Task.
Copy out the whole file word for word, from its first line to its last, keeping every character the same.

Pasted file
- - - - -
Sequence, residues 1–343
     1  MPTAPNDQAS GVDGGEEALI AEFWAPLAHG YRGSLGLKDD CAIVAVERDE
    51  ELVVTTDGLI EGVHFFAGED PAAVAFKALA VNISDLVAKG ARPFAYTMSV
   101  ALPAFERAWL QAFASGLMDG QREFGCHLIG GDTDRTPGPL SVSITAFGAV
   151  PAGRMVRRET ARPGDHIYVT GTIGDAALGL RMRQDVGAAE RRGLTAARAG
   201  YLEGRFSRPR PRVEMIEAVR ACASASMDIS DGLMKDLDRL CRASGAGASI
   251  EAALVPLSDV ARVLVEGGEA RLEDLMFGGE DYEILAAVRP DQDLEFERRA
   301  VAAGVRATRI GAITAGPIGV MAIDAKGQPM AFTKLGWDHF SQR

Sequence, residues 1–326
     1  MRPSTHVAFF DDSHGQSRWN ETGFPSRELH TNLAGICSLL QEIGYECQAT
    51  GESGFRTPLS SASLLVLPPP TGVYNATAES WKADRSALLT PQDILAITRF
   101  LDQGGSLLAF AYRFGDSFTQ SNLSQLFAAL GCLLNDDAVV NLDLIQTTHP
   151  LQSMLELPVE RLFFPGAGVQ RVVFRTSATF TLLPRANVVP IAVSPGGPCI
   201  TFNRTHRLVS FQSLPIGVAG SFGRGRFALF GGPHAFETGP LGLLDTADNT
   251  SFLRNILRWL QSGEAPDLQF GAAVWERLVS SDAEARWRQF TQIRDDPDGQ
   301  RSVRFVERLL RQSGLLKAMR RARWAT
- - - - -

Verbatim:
Sequence, residues 1–343
     1  MPTAPNDQAS GVDGGEEALI AEFWAPLAHG YRGSLGLKDD CAIVAVERDE
    51  ELVVTTDGLI EGVHFFAGED PAAVAFKALA VNISDLVAKG ARPFAYTMSV
   101  ALPAFERAWL QAFASGLMDG QREFGCHLIG GDTDRTPGPL SVSITAFGAV
   151  PAGRMVRRET ARPGDHIYVT GTIGDAALGL RMRQDVGAAE RRGLTAARAG
   201  YLEGRFSRPR PRVEMIEAVR ACASASMDIS DGLMKDLDRL CRASGAGASI
   251  EAALVPLSDV ARVLVEGGEA RLEDLMFGGE DYEILAAVRP DQDLEFERRA
   301  VAAGVRATRI GAITAGPIGV MAIDAKGQPM AFTKLGWDHF SQR

Sequence, residues 1–326
     1  MRPSTHVAFF DDSHGQSRWN ETGFPSRELH TNLAGICSLL QEIGYECQAT
    51  GESGFRTPLS SASLLVLPPP TGVYNATAES WKADRSALLT PQDILAITRF
   101  LDQGGSLLAF AYRFGDSFTQ SNLSQLFAAL GCLLNDDAVV NLDLIQTTHP
   151  LQSMLELPVE RLFFPGAGVQ RVVFRTSATF TLLPRANVVP IAVSPGGPCI
   201  TFNRTHRLVS FQSLPIGVAG SFGRGRFALF GGPHAFETGP LGLLDTADNT
   251  SFLRNILRWL QSGEAPDLQF GAAVWERLVS SDAEARWRQF TQIRDDPDGQ
   301  RSVRFVERLL RQSGLLKAMR RARWAT